While businesses across the country temporarily close or lay off workers to cut costs during the COVID-19 pandemic, Indiana’s Worker Adjustment and Retraining Notification Act notices are starting to tell the effects on the r egion.

The WARN notices include GDC, Inc., a plastics and rubber products maker that laid off 293 on March 24; LM Corp., a general freight trucking company, laid off 10; and Benteler, a motor vehicle metal stamping company, is laying off 162.

The new disease sweeping across the world has infected over nearly 200,000 in the U.S. and killed more than 1,000 in New York alone. It is creating a domino effect as businesses temporarily close to halt the spread of the disease, causing companies that rely on their products to sit idle. Other manufacturers have stopped making their product lines in an effort to supply hospitals with needed medical equipment such as masks and face shields.

GDC Corp., a supplier to General Motors, Toyota and others, is affected as automakers shut down production. It also supplies products for the agricultural, industrial and recreational industries.

“Three of GDC, Inc.’s largest customers suddenly and unexpectedly announced that they would be temporarily closing their manufacturing facilities across North America amid the COVID-19 outbreak,” Donna L. Reglein, human resources director GDC, wrote in a letter to the Indiana Department of Workforce Development.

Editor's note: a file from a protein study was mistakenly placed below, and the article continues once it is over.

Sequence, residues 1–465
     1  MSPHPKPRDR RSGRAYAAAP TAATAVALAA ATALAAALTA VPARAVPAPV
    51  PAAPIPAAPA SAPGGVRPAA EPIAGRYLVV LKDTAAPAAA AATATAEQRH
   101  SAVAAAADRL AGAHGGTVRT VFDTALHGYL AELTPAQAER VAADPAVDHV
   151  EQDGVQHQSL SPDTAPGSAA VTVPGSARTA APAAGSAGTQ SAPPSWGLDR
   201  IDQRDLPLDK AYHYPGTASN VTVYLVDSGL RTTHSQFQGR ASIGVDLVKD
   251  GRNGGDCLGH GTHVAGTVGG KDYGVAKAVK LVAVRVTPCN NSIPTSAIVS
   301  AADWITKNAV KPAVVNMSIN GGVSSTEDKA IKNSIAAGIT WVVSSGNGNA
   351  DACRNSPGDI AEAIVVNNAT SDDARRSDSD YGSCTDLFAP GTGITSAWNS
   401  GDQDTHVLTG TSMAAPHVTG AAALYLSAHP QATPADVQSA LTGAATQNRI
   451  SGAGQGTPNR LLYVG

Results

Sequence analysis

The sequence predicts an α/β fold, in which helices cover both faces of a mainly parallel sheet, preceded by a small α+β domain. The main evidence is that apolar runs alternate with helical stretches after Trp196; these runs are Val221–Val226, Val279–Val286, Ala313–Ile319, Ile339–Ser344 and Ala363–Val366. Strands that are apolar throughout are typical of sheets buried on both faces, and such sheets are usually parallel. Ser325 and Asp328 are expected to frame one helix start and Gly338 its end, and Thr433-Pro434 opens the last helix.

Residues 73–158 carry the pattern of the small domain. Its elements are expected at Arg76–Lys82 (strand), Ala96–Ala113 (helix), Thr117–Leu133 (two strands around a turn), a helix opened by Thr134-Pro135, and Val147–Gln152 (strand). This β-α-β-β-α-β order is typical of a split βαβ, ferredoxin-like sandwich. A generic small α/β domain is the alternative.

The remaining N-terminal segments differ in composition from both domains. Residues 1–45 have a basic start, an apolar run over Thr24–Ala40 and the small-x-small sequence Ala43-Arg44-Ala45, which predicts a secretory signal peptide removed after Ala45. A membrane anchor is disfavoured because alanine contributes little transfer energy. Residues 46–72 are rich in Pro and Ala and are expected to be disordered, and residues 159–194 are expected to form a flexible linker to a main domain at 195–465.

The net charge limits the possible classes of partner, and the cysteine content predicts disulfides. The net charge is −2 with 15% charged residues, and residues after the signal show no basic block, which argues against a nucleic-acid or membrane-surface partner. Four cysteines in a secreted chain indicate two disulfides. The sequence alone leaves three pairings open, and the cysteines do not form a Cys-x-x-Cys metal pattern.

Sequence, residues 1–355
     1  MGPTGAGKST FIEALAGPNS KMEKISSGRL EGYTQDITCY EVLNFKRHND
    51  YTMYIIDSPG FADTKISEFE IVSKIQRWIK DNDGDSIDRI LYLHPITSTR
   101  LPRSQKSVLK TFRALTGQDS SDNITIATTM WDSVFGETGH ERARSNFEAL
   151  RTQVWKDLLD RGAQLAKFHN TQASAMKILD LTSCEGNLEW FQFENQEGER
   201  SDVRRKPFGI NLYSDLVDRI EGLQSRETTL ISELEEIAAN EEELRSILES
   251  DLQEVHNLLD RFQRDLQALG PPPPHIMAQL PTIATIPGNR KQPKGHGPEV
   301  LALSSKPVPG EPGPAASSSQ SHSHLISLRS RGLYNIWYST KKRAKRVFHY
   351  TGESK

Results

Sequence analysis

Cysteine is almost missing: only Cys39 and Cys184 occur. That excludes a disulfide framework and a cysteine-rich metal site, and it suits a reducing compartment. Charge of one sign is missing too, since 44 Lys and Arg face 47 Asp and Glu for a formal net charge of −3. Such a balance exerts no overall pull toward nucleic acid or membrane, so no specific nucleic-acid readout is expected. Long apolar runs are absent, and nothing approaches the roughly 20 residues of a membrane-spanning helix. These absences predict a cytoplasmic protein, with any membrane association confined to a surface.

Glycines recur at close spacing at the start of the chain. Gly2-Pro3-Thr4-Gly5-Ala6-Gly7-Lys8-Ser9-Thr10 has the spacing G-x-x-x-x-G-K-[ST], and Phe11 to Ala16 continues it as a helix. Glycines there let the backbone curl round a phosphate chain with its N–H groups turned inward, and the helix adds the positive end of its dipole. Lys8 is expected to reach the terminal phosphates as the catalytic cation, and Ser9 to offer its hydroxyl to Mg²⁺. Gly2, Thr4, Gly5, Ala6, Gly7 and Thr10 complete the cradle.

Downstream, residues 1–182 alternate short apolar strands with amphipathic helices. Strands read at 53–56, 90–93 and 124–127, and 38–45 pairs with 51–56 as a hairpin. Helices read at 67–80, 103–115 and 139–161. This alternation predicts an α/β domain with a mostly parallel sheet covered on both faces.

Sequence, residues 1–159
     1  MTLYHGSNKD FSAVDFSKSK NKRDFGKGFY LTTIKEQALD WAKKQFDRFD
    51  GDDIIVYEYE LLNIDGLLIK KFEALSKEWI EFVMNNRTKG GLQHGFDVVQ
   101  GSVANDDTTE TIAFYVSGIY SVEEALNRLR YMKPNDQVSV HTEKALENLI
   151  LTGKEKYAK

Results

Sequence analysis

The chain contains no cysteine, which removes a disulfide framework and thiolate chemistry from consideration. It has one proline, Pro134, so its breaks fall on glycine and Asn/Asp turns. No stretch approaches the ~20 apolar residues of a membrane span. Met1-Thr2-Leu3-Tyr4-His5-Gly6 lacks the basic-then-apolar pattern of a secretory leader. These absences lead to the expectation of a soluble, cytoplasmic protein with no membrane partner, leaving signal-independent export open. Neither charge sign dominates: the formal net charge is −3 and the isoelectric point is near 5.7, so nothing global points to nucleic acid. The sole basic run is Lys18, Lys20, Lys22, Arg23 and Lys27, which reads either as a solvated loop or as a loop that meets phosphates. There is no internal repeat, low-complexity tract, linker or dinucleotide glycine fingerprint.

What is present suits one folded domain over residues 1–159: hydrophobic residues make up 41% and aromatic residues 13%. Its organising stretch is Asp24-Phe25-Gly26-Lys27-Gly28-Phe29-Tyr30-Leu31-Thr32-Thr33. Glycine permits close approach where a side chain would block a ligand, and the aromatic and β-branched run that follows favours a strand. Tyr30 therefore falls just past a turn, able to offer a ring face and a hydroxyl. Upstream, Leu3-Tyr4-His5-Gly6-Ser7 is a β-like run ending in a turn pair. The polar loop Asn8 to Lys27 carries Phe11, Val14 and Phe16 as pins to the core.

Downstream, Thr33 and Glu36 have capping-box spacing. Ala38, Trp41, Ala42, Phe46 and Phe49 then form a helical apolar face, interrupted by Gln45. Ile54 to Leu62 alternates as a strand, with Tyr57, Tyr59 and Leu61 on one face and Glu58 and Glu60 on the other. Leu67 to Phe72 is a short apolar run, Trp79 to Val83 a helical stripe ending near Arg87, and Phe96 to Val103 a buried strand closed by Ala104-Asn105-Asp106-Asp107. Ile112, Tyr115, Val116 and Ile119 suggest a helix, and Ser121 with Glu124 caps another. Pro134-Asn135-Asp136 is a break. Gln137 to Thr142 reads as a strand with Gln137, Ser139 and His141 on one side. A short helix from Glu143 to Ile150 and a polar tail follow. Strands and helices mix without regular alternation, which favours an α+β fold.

The result is layoffs at its Goshen facilities at 809, 811, 815 and 821 Logan St. and 300 Steury Ave., as well as at 22428 Elkhart East Blvd. in Elkhart.

Reglein, also head of HR for LM Corp., which has layoffs at 416 Steury Ave., Goshen, wrote that both companies expect the layoffs not to exceed six months.

Austria-based Benteler said it was temporarily laying off employees at its plants where auto companies that it supplies are shut down. It has temporarily laid off the employees at its 910 Eisenhower Dive S. location.

Goshen had a population of 33,220 in 2017, according to U.S. Census Bureau data.

Goshen Mayor Jeremy P. Stutsman’s spokeswoman, Sharon Hernandez, said the biggest effort in Elkhart County is the joint venture by LaGrange County Community Foundation and United Way of Elkhart & LaGrange Counties.

Together, the organizations have committed $34,000 to the effort and will provide support to nonprofit and other community organizations engaging in basic needs relief, short-term response, and long-term recovery in LaGrange County that is directly connected to COVID-19.

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